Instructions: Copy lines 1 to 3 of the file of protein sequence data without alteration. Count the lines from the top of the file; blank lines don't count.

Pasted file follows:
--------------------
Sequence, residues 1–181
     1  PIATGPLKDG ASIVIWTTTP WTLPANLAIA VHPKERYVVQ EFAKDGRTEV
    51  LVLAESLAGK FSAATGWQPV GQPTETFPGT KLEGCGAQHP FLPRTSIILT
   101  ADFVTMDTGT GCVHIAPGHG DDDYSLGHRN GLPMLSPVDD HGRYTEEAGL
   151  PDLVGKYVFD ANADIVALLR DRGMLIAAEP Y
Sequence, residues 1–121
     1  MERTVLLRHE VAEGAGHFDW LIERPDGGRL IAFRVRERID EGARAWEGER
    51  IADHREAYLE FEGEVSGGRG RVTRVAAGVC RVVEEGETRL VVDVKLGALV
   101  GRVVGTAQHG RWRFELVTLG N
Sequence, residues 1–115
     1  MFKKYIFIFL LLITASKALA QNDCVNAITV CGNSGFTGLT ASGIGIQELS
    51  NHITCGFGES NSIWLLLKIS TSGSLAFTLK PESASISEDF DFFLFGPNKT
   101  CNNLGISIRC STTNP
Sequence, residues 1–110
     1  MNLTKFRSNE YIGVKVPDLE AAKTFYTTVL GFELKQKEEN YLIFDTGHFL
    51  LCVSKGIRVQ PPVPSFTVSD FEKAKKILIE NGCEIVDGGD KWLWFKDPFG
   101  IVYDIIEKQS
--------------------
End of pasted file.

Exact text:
Sequence, residues 1–181
     1  PIATGPLKDG ASIVIWTTTP WTLPANLAIA VHPKERYVVQ EFAKDGRTEV
    51  LVLAESLAGK FSAATGWQPV GQPTETFPGT KLEGCGAQHP FLPRTSIILT